Ophthalmology and Therapy
October 2023

Does HbA1c Level or Glomerular Filtration Rate Affect the Clinical Response to Endothelial Growth Factor Therapy (Ranibizumab or Aflibercept) in Diabetic Macular Edema? A Real-Life Experience

Eloi Debourdeau, Robin Medard, Chloe Chamard, Vuong Nguyen, Pierre Henry Gabrielle, Catherine Creuzot-Garcher, Sandrine Allieu, Mark C Gillies, Daniel Barthelmes, Vincent Daien; Fight Retinal Blindness! Study Group


Introduction: Anti-vascular endothelial growth factor (VEGF) therapy is the first-line treatment for diabetic macular edema (DME). We investigated the effect of initial glycosylated hemoglobin (HbA1c) level and glomerular filtration rate (GFR) on treatment outcomes in patients with DME receiving anti-VEGF injections in routine clinical practice.

Methods: A retrospective analysis of data from the prospective, multi-center, observational Fight Retinal Blindness! registry was performed. A total of 178 eyes with DME treated with anti-VEGF agents (ranibizumab or aflibercept) from 1 January 2010 to 31 March 2019 were enrolled in the analysis, with the long study period to allow for up to 24 months of follow-up. Data for eyes were tracked in the Fight Retinal Blindness! registry, and clinical parameters were collected by using local software. Changes in visual (best-corrected visual acuity [BCVA], in letters) and anatomic outcomes (central subfield thickness [CST], in microns) between subgroups of patients according to baseline HbA1c level (≤ 7% vs. > 7%) and GFR (> vs. ≤ 60 ml/min/m2 at 24 months were assessed.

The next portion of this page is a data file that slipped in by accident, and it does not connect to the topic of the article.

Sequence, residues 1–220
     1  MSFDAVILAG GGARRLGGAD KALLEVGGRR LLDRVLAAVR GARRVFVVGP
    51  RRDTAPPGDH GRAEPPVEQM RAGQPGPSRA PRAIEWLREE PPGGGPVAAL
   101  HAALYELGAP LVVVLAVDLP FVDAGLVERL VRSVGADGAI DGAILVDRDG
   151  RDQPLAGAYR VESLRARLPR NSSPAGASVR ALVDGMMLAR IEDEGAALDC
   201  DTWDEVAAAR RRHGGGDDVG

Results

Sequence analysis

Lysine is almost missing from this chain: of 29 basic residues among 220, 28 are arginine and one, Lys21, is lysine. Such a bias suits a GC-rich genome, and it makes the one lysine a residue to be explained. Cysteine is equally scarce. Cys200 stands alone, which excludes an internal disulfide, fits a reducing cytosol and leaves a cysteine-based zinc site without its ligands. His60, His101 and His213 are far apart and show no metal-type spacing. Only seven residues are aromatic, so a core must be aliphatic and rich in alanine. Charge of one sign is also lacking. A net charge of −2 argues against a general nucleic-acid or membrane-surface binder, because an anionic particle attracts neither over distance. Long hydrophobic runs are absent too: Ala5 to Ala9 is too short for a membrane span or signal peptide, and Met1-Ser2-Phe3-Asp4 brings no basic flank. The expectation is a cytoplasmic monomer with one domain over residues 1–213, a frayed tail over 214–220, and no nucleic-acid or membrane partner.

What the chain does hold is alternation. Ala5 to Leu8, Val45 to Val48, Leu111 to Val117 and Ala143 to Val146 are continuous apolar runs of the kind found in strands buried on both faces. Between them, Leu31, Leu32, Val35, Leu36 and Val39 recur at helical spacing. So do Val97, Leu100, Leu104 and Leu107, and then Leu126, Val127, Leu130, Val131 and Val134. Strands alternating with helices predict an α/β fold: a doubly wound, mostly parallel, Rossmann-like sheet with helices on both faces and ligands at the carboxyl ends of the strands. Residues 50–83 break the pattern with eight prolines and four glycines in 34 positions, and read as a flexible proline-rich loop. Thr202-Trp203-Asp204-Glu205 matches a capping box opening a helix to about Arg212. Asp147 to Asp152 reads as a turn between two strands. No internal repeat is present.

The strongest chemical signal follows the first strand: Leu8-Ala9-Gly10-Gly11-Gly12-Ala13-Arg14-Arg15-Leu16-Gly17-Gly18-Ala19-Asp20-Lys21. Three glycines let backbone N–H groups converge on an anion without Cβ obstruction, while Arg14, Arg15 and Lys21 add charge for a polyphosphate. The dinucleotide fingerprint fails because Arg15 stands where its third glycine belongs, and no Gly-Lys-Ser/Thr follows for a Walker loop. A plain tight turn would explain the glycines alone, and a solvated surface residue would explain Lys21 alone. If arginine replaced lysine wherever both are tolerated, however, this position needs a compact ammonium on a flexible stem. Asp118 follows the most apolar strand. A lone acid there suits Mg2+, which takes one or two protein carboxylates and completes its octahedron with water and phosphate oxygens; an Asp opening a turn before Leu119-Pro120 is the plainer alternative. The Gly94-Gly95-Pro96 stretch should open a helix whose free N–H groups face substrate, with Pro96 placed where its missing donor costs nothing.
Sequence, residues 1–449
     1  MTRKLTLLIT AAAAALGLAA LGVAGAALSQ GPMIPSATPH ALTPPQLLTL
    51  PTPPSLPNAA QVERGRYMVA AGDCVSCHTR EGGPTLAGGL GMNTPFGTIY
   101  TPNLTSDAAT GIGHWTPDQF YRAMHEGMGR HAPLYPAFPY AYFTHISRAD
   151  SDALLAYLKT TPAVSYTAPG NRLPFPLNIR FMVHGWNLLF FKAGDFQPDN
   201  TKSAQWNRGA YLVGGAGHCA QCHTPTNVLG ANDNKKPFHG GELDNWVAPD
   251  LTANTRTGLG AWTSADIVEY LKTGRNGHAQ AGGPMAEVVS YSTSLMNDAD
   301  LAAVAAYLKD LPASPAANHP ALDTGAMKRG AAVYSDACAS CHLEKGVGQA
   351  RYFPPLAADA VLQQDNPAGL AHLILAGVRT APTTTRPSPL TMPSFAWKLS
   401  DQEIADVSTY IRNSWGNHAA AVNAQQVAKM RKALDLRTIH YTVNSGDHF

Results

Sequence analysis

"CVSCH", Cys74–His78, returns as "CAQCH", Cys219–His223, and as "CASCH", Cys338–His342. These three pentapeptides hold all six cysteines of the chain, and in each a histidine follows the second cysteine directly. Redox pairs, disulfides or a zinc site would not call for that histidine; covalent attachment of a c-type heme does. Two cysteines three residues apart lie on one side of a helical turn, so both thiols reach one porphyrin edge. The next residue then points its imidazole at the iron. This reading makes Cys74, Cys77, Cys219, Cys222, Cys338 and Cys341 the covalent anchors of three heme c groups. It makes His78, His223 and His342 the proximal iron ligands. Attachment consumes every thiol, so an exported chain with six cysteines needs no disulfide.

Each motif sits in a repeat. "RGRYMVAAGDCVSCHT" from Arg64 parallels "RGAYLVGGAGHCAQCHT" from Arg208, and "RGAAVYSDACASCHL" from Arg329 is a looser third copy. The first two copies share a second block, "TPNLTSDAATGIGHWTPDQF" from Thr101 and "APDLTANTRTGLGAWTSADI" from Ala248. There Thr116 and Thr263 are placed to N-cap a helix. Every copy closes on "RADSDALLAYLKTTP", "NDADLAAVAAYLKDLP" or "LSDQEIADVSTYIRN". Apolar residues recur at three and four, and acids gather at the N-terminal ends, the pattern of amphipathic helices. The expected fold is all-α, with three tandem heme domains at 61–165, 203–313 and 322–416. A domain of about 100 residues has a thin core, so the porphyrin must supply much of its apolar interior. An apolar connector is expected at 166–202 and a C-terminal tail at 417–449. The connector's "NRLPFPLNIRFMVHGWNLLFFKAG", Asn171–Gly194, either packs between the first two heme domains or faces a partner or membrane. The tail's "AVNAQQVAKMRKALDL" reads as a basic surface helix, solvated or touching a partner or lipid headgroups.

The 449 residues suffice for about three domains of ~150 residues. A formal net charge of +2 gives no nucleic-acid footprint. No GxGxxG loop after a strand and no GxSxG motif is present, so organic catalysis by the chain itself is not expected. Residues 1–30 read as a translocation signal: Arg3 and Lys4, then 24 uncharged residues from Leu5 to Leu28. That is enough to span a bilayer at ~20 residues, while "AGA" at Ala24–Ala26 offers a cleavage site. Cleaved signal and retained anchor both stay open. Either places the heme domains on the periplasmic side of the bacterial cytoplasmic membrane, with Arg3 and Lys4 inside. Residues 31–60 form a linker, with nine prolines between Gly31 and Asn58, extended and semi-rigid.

Results: The multivariate adjusted mean improvement in BCVA at 24 months of treatment was + 5.2 and + 6.8 letters in subgroups with baseline HbA1c level ≤ 7% and > 7%, respectively (p = 0.541), and + 6.9 and + 6.4 letters in subgroups with GFR > 60 and 7%, respectively (p = 0.505), and – 85 and – 115 µm in subgroups with baseline GFR > 60 and ≤ 60 ml/min/1.73 m2, respectively (p = 0.130).

Conclusion: These results seem to indicate that visual and anatomical improvement in patients receiving intravitreal VEGF inhibitors for DME are independent of baseline HbA1c level and GFR, leading to the conclusion that high HbA1c levels or low GFR should not dictate injection timing in routine clinical practice. This study offers valuable insights for ophthalmologists, enabling a personalized treatment approach and optimizing DME patient outcomes.